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What Should You Pack In Your Travel Health Kit?

A travel first aid kit is a great idea for almost any adventure. Since we’ve started traveling, our kit has grown bigger every year. That said, it’s been wonderful to have first aid supplies and basic medications on hand in case of a travel emergency.

Travel Health Kit List For Canadians


Here are some of our best ideas for what to bring along in your travel health kit.

The Essentials

  • hydro-cortisone cream (0.5%) for treating skin conditions like poison ivy
  • band aids (different sizes)
  • gauze (several sizes) and tape
  • adhesive bandages (multiple sizes) and adhesive tape
  • antibacterial cream (one with an anti-fungal as well is a good idea)
  • antiseptic wipes (for example, alcohol or iodine pads) to clean wounds
  • moleskin
  • disposable gloves
  • oral re-hydration salts
  • scissors
  • tensor bandage for sprains
  • thermometer
  • hand sanitizer
  • tweezers
  • prescription medications and prescriptions, if needed. Your prescription medication should always be clearly labeled when entering another country.
  • an over the counter pain medication, like Tylenol or Aspirin
  • anti-diarrhea medication (like Pepto-Bismal)

You can also buy a premade first aid kit like this one with most of these items already in it for under $20. Nearly all pharmacies and stores carry them as well. If you can, pick one up that has a little extra room in it so you can keep everything together in one handy bag.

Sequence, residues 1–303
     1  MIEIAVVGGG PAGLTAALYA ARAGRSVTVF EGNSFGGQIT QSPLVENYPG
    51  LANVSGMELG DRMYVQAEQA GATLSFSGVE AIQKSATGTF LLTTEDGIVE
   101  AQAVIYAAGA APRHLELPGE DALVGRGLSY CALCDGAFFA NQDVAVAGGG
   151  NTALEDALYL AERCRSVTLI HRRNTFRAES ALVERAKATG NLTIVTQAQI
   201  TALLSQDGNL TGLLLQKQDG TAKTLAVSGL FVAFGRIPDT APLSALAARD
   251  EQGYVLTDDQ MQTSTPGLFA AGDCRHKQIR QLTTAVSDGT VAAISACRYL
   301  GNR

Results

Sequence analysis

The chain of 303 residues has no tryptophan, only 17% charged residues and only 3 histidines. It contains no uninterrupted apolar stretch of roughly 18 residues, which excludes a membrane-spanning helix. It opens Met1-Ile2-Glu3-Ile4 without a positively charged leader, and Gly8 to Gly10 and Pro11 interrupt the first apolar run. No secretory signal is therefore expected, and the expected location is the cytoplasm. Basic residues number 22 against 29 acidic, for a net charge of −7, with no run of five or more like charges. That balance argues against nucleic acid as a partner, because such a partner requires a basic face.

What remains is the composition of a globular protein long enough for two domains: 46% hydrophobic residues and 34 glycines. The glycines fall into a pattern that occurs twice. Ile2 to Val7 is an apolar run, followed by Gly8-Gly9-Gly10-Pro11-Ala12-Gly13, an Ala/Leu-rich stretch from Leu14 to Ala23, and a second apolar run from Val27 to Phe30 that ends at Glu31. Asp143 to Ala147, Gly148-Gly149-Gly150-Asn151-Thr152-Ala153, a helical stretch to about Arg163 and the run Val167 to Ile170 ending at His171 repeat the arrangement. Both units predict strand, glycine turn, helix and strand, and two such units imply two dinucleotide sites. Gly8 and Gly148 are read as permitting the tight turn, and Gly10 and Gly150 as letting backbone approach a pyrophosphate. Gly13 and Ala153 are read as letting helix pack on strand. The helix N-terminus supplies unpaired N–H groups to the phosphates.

Aside from the must have health and safety items, there are a few things that can make your trip a lot more comfortable if you become ill.


  • cough drops and cough syrup
  • cold medication
  • anti-histamine tablets
  • laxatives
  • antacids
  • vitamins and herbal supplements

Good to know: Some prescription medications and herbal supplements that are legal in Canada may be illegal in other countries.

Depending on your destination and activities, some other, optional, items may come in handy. Adventure travel activities, especially, may require some of these items.


  • ear plugs
  • sun screen
  • bug nets
  • insect repellent (should contain DEET)
  • water purification tablets (or filter)
  • extra glasses or contacts, and a prescription
  • birth control

Aside from the obvious medications to carry, it’s a good idea to pack some health related documentation as well.


  • prescriptions for medication
  • prescriptions for glasses
  • vaccination Certificates
  • Provincial Health Care Cards
  • travel Insurance contact information, including the policy number.

Tip: You may also want to consider enrolling in the Canadian Government’s Registration Program For Canadians Overseas.

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*As always, the information on this page is from one Canadian traveller to another. We have spent years abroad and have gotten to know the ins and outs of the industry however we are not travel insurance agents. If you have any travel insurance questions, please talk to a qualified travel insurance agent or broker. Finally, policies and plans can and do change all the time, without warning, so always consult your insurance policy since that is the legal document to which you are agreeing to.
*This article is only intended as general advice. Please check your own policy carefully.

A true world traveller, Lanie Kay has been to over 30 countries in the past decade and loves nothing more than waking up in a foreign country. Born and raised in western Canada, she knows the value of a dollar and, just like everyone, wishes there was more transparency when dealing with large companies.

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